[Interview] Five: Year One Retrospective, Part I

“Five days of Five” continues with a reflexive examination of gaming’s highest points, both past and present.
Author: Marc N. Kleinhenz
Published: February 26, 2011

“Five days of Five” continues with a reflexive examination of gaming’s highest points, both past and present.

TotalPlayStation's Five interview series takes the brightest minds from the journalistic and game development worlds and asks them to expound on their personal benchmarks of the videogame industry, exploring the crucial components of narrative, music, gameplay, graphics, and character.

To celebrate Five’s first birthday, a grand party was had, and ten of the first twelve interviewees graced us not only with their presence, but also with their answers to a special question: what is the gaming experience that has stayed – or resonated – with you the most through the years? Many laughs and memories, insights and nostalgia – and cake! – were shared with us, and we’re now sharing the first five trips down memory lane with you.

(The cake, of course, was a lie. But everything else isn’t – we promise.)

[Chris Dahlen, Kill Screen Editor-in-chief
I've played games on and off my whole life. I loved them the most when I was a kid, which is also when they gave me the most trouble – I could blow my whole allowance at an arcade in ten minutes. Today, I spend so much time writing about games, thinking about games, and playing games that no one should have to play, that I rarely just play them for pleasure. And that's why I keep thinking about my favorite game from college.

When I was at the University of Chicago, I didn't own a console, and I didn't have time for computer games. I was too busy digging through homework, sneaking into rock clubs, or, best of all, working at the college paper. I was there night and day, and in my first year I distinctly remember Tetris being installed on every Mac in the office. This was the classic version with a sample of Bill Pullman crying "game over" every time you lost. I played it as a distraction, during late nights or at the end of finals week, and I became pretty good at it.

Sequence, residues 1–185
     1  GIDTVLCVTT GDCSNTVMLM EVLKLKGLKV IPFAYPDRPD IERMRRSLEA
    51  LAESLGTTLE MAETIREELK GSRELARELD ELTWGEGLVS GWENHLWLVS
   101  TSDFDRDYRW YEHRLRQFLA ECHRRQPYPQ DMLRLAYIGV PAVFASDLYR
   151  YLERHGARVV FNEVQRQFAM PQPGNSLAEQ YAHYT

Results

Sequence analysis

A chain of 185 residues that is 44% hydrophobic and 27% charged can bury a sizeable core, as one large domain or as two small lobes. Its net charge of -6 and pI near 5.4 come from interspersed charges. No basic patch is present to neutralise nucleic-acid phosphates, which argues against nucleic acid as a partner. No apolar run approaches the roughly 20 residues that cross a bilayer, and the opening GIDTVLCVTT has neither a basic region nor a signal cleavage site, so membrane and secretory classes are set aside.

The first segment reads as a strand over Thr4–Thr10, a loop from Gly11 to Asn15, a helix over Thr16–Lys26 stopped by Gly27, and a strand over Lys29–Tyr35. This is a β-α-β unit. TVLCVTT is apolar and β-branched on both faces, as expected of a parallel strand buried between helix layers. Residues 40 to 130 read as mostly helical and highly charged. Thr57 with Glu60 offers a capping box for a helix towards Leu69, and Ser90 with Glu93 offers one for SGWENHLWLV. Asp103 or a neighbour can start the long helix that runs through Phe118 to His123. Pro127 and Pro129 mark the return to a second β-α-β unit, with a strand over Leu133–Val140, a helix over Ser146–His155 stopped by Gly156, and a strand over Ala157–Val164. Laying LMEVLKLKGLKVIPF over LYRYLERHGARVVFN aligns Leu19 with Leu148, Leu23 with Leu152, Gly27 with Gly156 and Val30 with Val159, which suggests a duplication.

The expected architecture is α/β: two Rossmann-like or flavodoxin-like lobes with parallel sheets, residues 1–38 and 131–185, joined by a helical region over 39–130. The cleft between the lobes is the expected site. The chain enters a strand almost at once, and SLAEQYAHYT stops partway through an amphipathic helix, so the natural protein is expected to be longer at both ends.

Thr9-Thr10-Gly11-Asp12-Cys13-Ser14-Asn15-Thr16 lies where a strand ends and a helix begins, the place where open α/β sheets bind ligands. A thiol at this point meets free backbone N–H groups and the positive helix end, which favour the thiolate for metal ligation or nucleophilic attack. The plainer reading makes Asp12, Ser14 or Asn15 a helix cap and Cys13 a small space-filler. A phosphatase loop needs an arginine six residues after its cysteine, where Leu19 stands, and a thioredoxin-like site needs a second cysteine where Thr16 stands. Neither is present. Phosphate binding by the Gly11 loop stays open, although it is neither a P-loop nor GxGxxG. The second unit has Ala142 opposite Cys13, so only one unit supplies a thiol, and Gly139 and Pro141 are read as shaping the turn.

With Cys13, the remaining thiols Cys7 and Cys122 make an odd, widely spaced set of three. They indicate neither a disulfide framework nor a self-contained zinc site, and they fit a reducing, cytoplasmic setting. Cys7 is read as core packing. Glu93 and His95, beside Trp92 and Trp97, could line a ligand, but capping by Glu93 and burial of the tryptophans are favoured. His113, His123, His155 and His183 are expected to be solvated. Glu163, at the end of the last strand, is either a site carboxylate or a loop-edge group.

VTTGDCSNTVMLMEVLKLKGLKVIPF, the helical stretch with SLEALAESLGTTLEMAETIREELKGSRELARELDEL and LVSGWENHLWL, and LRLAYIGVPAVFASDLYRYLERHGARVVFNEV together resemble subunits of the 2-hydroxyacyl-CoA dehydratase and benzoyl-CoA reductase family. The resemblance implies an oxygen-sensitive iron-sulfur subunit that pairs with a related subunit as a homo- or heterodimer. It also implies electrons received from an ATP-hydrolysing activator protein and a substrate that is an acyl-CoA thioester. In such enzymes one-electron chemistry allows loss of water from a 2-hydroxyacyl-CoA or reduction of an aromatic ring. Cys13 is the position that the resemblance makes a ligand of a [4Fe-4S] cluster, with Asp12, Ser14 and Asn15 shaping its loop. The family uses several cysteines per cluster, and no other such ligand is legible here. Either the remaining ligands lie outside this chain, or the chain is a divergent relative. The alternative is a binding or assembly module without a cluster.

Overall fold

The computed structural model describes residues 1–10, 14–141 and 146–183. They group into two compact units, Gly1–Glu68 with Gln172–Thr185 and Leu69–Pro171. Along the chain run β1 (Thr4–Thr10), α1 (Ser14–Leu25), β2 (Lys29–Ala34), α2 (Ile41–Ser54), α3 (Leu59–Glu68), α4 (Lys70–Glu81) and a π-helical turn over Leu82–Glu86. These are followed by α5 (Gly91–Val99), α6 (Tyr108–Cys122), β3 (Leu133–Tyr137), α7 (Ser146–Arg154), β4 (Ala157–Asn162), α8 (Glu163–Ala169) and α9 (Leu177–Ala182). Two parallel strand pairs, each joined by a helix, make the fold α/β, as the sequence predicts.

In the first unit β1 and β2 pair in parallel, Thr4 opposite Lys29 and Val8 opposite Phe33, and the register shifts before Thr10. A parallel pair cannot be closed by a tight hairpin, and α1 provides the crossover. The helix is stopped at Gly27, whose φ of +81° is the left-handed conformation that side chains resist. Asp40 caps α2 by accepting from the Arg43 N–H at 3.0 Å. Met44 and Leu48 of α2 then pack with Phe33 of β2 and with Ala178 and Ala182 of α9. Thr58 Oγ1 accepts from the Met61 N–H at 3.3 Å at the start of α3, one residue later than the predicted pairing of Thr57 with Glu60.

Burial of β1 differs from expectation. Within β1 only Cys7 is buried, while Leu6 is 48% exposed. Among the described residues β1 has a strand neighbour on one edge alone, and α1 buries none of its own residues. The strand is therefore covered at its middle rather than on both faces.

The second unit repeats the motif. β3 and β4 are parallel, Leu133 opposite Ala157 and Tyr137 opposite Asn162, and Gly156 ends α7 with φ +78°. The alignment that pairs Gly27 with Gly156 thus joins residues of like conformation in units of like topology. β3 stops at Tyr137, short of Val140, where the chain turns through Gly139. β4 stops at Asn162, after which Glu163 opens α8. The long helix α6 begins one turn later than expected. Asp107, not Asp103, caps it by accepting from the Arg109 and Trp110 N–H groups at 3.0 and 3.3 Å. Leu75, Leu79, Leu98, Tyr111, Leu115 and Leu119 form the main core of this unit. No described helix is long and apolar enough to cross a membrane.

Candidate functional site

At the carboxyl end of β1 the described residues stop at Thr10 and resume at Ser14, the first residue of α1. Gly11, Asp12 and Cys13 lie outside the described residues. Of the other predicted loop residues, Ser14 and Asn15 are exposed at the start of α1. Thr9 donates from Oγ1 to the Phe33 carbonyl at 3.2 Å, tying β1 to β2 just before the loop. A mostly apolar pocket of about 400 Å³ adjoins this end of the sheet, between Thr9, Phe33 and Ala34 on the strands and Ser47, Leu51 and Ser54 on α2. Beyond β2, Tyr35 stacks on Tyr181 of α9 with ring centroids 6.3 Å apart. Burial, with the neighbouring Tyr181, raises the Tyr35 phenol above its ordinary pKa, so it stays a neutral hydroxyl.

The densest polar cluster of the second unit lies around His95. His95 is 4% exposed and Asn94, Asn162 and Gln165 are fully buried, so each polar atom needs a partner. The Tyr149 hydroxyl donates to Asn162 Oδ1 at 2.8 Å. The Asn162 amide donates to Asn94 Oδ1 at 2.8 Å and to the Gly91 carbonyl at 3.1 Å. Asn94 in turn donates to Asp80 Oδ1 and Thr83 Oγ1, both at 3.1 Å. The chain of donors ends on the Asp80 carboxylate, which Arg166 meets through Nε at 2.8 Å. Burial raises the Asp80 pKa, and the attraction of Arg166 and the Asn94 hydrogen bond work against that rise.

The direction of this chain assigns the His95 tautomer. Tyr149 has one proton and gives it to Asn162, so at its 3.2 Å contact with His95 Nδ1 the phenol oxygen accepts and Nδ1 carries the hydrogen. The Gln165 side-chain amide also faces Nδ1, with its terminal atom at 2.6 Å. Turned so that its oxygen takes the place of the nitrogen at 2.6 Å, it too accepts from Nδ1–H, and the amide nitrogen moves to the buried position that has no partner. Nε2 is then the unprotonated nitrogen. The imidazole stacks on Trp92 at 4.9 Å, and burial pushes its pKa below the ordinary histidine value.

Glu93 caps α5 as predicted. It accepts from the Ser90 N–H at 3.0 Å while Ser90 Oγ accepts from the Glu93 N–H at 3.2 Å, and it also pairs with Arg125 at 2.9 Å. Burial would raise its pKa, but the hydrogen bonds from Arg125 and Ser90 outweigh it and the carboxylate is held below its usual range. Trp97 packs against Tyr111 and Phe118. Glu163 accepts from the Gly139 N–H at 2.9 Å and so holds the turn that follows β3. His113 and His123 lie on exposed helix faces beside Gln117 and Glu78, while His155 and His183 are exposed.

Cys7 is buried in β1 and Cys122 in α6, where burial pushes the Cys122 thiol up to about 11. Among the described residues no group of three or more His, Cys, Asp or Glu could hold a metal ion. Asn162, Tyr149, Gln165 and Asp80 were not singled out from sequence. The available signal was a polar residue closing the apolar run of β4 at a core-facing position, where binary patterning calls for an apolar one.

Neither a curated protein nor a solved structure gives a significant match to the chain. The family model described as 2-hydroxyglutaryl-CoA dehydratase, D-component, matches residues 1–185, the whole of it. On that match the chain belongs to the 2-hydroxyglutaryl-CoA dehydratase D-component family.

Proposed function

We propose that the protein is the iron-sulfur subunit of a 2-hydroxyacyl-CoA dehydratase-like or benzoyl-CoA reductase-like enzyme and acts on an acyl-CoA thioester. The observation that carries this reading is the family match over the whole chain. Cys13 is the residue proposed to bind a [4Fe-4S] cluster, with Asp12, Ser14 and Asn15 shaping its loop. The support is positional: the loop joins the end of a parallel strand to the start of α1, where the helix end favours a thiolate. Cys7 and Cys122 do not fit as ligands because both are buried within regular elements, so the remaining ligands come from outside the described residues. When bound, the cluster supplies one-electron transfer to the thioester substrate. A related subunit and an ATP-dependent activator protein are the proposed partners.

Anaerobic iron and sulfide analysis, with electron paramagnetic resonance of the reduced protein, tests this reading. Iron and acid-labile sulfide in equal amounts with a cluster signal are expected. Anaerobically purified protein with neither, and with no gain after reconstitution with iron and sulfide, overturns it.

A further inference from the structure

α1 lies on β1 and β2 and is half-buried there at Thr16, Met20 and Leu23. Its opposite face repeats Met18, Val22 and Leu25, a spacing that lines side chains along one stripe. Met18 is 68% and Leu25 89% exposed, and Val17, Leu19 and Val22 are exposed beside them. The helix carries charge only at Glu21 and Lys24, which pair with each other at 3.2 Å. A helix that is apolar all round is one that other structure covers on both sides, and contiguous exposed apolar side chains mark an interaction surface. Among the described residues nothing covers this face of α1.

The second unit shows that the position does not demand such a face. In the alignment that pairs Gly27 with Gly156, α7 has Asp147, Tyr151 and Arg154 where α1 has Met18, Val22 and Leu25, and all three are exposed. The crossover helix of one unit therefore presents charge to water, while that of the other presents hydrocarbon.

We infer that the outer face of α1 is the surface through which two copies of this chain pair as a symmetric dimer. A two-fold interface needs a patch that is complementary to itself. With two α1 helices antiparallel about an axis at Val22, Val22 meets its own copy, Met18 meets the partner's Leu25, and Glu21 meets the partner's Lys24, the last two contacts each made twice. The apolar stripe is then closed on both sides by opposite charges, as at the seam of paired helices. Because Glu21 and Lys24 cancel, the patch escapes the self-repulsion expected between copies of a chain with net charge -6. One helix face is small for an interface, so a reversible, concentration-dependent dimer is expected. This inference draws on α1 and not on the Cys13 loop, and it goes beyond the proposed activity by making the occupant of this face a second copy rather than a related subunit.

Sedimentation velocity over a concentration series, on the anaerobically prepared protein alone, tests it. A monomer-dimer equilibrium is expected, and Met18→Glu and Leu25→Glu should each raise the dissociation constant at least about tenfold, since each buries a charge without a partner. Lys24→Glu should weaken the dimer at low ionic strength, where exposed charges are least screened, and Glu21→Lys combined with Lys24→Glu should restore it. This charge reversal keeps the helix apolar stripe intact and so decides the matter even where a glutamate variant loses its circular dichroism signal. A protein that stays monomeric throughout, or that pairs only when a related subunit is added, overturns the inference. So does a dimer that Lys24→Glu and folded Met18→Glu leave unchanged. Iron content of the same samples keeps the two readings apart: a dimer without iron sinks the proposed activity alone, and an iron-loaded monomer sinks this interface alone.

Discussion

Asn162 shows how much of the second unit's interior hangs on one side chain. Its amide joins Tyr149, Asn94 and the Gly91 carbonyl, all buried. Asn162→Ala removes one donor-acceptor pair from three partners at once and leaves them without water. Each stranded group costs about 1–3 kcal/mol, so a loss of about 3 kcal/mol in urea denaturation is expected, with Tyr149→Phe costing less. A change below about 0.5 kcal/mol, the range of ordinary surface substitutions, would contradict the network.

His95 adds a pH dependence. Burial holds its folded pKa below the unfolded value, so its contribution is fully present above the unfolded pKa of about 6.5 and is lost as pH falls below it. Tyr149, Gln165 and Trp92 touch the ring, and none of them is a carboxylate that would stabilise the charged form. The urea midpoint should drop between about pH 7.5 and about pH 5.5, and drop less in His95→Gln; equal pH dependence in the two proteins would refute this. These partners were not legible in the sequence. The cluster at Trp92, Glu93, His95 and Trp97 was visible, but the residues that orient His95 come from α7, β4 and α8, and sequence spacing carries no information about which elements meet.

Games can offer immersion, but they're also great for distraction. I've noticed as an adult that when I'm deep in a project and regularly losing sleep, I retreat to some simple, distracting game that can give my brain a rest. (Lately, it's been Warlight.net.) So while Tetris was addictive – and a "time-waster" for sure, as I called all games back then – it was also therapy, and a break from college drama, and stupid, simple fun. I still remember one summer, right before the semester ended, sitting in the newspaper office with a can of Black Label and playing that game, and feeling relieved that I didn't have to do anything else that day.